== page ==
In which I talk rot
My husband and I were strolling through the ballroom the other day, as you do, when – no, I should just stop there. It’s all sounding so marvelous, dahling.
Truth will out, however. My husband and I were, I should say, clearing up the ballroom after a function the other day – stacking up coffee cups, hauling tables about and so on – when one of us noticed a peculiar white patch high up on the velvet covering the walls.
‘What do you suppose that is? I don’t remember it.’
It was too high up to see clearly. We speculated for a minute or so, then went blithely on our way. Ah, the innocence of youth.
Last week, older and wiser eyes recognised that white patch for what it was. Dry rot. These two words strike terror into the heart of every owner of an old house. Dry rot grows in damp wood and has the ability to spread through bricks and mortar, destroying timbers as it goes. It is hugely destructive, fiendishly difficult to eradicate and horribly expensive to deal with. And we have a serious outbreak in some of the most historic rooms in the castle.
Listening to the grim-faced gathering of assessors, factors and builders this morning, I had one of those moments when you question what you are doing with your life. When I heard the estimate for the cost of treatment I actually had to sit down, mentally crossing things off our family lifestyle. When the senior factor rubbed his cold hands and said, ‘So, we need a plan of campaign. What’s the first thing we need to do?’, it was all I could do not to shout ‘Sell up and run away to the Bahamas!’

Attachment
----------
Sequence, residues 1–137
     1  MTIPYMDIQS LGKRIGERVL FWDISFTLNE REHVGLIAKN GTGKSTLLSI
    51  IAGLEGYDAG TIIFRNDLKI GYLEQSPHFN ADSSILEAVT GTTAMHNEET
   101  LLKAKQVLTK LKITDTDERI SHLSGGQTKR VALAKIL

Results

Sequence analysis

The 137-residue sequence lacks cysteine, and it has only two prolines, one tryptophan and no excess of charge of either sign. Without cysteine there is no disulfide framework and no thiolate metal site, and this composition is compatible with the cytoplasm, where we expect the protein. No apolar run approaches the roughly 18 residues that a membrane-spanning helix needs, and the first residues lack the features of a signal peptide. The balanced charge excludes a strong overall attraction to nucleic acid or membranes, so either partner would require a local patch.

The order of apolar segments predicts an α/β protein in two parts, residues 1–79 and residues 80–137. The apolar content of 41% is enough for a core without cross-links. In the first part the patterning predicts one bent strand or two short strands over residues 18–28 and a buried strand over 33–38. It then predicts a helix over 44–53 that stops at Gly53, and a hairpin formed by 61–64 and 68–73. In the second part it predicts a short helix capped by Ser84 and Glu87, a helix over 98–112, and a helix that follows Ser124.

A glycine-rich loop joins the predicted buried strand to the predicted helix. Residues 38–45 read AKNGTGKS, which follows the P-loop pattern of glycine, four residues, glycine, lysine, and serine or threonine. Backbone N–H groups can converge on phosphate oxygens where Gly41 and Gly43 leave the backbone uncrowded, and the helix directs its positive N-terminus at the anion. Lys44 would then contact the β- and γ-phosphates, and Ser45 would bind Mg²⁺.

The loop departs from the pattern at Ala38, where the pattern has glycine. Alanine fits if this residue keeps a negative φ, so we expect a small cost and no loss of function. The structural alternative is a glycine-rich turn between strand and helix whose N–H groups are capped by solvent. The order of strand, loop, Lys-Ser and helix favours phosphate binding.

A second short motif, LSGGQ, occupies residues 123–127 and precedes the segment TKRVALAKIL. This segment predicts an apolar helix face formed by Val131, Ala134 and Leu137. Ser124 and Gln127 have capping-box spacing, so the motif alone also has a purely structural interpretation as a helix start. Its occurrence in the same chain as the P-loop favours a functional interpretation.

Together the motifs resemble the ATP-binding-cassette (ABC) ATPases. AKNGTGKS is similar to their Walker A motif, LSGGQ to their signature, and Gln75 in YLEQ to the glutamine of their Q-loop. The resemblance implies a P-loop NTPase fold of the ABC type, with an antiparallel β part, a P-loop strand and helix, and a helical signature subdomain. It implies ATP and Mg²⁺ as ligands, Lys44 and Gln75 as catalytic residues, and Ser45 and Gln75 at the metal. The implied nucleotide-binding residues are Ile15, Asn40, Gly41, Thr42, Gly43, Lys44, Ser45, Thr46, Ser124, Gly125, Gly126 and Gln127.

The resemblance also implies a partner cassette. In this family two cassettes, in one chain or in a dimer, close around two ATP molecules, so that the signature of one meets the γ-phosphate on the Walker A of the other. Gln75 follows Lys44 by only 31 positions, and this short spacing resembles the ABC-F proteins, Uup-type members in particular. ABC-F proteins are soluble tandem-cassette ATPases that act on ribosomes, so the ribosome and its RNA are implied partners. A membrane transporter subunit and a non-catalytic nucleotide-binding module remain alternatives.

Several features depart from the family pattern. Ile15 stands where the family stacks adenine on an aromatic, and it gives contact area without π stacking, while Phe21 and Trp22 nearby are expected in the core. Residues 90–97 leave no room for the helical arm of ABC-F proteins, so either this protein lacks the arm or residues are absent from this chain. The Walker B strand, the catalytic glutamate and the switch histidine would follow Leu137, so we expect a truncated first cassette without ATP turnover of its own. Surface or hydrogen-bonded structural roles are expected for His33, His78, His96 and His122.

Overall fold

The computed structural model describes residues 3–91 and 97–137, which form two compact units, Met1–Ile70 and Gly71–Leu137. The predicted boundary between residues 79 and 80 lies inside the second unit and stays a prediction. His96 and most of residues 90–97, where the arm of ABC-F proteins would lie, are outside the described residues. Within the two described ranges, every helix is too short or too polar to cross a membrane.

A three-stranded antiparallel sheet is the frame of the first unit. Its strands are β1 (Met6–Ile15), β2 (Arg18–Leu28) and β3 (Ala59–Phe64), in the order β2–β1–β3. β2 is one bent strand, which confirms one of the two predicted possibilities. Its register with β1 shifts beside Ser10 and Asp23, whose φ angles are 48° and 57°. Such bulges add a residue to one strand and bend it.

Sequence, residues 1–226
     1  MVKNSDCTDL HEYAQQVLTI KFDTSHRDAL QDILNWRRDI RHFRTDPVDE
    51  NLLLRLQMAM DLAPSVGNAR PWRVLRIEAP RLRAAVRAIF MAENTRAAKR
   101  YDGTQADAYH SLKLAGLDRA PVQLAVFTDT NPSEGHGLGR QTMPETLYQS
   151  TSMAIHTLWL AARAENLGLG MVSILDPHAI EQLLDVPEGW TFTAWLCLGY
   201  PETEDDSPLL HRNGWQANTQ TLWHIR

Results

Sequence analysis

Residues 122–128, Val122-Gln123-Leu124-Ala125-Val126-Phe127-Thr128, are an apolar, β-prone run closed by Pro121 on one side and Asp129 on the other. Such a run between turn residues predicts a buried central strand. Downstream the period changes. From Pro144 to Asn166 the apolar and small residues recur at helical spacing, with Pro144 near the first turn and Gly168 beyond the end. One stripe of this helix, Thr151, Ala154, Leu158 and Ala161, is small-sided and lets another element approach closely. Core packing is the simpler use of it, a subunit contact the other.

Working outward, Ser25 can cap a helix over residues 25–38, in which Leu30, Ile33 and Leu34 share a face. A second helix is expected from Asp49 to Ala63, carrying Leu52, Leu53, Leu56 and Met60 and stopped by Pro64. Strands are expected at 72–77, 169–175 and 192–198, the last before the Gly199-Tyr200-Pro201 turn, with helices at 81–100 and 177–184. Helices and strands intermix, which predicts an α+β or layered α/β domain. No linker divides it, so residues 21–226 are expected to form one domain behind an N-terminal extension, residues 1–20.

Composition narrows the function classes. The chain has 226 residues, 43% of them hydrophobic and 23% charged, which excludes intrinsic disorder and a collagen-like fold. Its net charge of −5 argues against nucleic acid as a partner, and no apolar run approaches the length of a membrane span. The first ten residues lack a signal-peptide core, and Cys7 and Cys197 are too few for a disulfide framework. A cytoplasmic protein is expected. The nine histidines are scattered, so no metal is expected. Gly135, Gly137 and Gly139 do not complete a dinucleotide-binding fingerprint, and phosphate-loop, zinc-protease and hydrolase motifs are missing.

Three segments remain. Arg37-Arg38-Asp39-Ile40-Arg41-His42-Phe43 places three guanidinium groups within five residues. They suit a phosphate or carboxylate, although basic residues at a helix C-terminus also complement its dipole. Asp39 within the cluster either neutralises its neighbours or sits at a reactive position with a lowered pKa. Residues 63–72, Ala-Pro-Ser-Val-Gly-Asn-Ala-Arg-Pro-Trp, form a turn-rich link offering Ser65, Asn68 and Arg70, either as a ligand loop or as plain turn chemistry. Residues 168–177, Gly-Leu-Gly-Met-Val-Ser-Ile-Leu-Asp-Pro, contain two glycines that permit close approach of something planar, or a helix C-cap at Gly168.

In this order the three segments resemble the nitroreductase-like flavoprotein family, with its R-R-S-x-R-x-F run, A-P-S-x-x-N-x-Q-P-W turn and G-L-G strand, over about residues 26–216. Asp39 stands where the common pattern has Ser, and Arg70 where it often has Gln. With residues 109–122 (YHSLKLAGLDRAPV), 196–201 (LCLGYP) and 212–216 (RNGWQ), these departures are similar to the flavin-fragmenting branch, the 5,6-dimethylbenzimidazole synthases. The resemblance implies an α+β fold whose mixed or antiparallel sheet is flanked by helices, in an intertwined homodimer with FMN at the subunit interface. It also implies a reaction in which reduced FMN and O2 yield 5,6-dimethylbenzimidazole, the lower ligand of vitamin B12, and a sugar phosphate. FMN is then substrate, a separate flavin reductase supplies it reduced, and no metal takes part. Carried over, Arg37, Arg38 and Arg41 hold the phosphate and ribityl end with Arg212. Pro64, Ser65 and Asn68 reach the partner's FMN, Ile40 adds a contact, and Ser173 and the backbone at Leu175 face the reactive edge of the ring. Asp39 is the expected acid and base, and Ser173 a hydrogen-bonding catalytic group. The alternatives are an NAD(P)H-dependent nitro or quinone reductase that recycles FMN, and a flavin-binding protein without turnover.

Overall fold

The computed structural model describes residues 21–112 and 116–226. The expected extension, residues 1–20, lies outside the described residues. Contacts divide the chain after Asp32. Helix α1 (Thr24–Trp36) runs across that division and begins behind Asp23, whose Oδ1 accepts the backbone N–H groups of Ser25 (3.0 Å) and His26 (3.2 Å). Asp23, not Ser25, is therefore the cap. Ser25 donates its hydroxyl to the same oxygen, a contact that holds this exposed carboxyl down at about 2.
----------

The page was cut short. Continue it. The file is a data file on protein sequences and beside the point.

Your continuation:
In a damp climate, almost any house can fall victim to this fungal plague. Historic buildings do have their additional complications, however. The oldest part of this castle dates back to the mid-fifteenth century, but wings and towers have been added on in every century since, building up a rambling mish-mash of corridors and roofs. It is in the join of a tower to a later wing that the dry rot seems to have started, with water somehow getting in through a gap. Exactly how that water was able to gain entrance in the first place is the crux of the matter, on which hangs all hope of an insurance payout. A few days ago, therefore, I was up in a little room in the afflicted tower with one of the factors, having a first look at the extent of the rot. To see it, we had to squeeze past stacked up furniture and step over a pile of fallen plaster. The factor looked down at the plaster, and up at the ceiling, which is crudely patched with chip-board.
‘What happened there?’ he enquired.
‘Oh, the ceiling collapsed a couple of years ago,’ I replied nonchalantly. ‘It wasn’t long after we’d had to move this furniture in here from the store-room next door. We just never got round to clearing up the mess.’
‘Why did you have to move all the furniture out of the store room?’
‘Can’t remember…there was some reason…oh yes, that was because the chimney in that room collapsed and split open. We had to empty the room for the builders and plasterers to do the repairs. Come on, it’s Baltic in here, there’s no heating in this tower. Actually there’s no heating anywhere in the house this week: the boiler’s broken down again.’
At that point I started to chuckle. The factor started to laugh too. What else could you do? So we stepped back down the spiral staircase to carry on with the day: he to the office, me to the kitchen and the blessed warmth of the Aga. As Winston Churchill used to say in infinitely more trying circumstances, ‘Keep Buggering On’. (Sorry mum.)